According to ancient Indian medicine systems Siddha and Ayurveda, tamarind fruits have numerous healing powers. Nowadays, nutritionists recommend to boil the vegetables in tamarind juice instead of plain water to prevent the loss of nutrients, but we have been practising the same for generations. Tamarind is a quintessential ingredient of the traditional south Indian curries like sambar, rasam, or kuzhambu. Besides, we also make pungent tamarind soup (puli thanni) and sweet tamarind juice (panakam) specially on the day of fasting. Obviously, tamarind juice & tamarind soup have excellent detoxifying property and hence they aid in weight loss also.
There were plenty of healthy snacks like boiled peanuts & Palmyra sprouts, roasted corncobs, and locally grown fresh berries & fruits sold in our school canteen. We relished them as much as the deep-fried snacks like puffs, samosa, chips, or sugary snacks like candies, chocolates, ice cream, ice pops, etc. during intervals or at the time of dispersal.
We grew up relishing sweet fruity beetroot pachadi served in every wedding feast, it was an unforgettable experience for us to relish the beautiful reddish-purple puree infused with the flavors of native fruits. Nowadays, this traditional fruit dessert has not been included in the menu prepared for the feasts, and beetroot jam is replaced by vanilla ice cream with fruit salad.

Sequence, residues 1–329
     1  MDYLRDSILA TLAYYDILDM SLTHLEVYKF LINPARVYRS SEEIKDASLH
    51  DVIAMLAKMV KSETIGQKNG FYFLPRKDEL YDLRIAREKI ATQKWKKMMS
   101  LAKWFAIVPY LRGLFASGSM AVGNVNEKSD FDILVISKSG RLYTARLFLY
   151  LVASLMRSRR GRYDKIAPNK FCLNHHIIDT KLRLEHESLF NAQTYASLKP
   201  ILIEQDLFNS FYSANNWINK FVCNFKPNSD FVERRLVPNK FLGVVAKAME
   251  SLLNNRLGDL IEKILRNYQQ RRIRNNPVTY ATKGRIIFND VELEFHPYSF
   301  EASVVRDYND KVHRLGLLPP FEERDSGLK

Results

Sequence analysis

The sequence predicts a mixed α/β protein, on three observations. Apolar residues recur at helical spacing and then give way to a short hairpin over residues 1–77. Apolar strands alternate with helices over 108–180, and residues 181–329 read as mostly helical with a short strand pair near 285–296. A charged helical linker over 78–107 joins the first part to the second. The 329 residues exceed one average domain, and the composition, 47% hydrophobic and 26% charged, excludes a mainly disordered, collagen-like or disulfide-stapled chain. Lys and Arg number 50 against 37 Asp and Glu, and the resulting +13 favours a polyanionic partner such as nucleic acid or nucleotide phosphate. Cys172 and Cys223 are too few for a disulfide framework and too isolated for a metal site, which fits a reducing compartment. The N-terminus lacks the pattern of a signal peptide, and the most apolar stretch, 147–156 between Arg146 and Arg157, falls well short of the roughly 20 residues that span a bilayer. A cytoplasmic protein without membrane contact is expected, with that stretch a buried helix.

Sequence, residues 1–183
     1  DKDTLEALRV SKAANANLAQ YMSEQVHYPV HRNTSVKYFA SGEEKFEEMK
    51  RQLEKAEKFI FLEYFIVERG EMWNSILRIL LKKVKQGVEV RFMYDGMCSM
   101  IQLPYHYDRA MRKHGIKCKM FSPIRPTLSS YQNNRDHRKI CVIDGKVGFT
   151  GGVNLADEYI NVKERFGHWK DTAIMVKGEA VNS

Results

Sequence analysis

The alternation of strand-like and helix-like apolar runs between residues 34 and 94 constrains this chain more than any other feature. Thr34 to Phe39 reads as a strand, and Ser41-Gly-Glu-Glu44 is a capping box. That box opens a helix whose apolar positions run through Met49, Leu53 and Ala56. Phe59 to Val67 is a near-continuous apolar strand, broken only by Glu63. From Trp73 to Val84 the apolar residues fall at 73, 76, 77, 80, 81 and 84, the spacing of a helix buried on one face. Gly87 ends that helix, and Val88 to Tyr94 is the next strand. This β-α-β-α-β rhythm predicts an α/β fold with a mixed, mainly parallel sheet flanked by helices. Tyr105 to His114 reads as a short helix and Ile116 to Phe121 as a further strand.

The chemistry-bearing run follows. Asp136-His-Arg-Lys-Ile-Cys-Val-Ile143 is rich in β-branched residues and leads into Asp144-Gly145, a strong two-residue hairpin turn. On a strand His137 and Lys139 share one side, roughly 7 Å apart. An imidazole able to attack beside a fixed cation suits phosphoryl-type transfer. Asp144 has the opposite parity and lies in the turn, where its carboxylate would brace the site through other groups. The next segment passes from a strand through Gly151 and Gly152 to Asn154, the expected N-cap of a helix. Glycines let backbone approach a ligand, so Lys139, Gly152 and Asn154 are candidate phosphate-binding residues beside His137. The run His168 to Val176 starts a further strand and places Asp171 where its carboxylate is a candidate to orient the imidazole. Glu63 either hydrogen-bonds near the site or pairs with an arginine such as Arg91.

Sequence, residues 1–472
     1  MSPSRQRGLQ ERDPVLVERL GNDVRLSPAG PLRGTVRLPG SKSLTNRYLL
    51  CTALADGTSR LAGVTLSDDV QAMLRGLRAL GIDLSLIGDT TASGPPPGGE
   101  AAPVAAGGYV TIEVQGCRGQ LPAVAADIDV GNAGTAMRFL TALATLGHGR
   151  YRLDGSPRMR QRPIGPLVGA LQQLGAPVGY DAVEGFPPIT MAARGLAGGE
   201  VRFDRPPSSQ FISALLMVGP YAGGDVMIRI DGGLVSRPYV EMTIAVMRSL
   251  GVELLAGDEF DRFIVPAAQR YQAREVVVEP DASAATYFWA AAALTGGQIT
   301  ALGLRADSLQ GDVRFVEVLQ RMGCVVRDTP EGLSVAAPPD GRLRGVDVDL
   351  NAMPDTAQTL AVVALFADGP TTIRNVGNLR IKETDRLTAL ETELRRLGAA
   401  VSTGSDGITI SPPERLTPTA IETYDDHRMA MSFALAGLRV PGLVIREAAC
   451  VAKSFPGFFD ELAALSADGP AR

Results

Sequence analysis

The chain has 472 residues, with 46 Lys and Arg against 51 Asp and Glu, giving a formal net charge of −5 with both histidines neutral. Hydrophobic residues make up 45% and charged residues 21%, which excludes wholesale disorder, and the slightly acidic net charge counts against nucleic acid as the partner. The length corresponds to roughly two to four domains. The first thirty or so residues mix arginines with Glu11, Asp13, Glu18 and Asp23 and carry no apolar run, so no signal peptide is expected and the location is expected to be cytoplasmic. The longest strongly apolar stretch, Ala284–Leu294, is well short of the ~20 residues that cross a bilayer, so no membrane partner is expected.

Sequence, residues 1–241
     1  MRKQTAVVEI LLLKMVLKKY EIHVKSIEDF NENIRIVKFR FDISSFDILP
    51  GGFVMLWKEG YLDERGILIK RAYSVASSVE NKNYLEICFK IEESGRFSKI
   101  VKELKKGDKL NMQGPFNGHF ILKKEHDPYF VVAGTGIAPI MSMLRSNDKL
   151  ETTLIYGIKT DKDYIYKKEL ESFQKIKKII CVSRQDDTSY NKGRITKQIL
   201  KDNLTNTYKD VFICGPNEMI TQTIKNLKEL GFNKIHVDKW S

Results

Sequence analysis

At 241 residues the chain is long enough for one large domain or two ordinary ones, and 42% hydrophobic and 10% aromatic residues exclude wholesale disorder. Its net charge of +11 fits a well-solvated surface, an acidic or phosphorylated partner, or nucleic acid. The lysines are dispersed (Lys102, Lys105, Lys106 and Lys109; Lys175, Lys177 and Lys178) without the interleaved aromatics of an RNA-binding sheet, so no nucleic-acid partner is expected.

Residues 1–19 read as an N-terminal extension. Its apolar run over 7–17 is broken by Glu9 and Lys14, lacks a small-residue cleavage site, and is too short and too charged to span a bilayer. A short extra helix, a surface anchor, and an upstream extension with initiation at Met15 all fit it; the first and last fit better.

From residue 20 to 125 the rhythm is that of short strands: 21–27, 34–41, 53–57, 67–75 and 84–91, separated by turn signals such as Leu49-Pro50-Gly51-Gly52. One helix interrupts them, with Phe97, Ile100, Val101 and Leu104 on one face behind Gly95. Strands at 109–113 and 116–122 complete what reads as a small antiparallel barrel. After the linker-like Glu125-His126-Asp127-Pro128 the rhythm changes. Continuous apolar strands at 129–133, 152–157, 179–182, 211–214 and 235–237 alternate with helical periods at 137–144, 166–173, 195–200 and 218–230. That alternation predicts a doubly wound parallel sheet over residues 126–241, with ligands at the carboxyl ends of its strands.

Our traditional method of making pickles using raw mangoes, amla, lemon, etc. is a time-consuming process as these vegetables are left in the mixture of oil, spices & salt for fermentation for few days and hence a longer shelf life. But I like to make instant pickles that can be consumed immediately and has limited shelf life, besides I like to relish melt-in-mouth mango pickle unlike the conventional one made al dente.
At the mere sight of a canister filled with idli-dosa batter inside my refrigerator I feel totally relaxed as it helps my meal planning easier. With this multi-purpose batter I can make simple podi dosa when I feel lazy, or treat ourselves with a sumptuous feast, or give a traditional twist to overcome our meal monotony. It is needless to say that this batter is the quintessential stock inside the refrigerator in every South Indian’s home across the globe.
Kadamba sambar is a traditional flavorful South Indian curry prepared with assorted (kadambam) vegetables & tubers usually served with rice. It is popularly known as idi sambar (meaning pounded sambar) in Tirunelveli & Kanyakumari regions, as the spice powder was earlier prepared by pounding in a large stone mortar (ural) using a 3-feet long metal-tipped wooden pestle (ulakkai).
Thoothuvalai (Solanum trilobatum) is a quickly spreading herb usually props up in our surroundings after a good spell of rain. It is a medicinal plant used in Indian medicines Ayurveda & Siddha to treat respiratory problems like asthma, cough, cold & flu. So we can add these herbs into our diet during winter or monsoon. Here I have prepared thoothuvali chutney that can be used often for breakfast.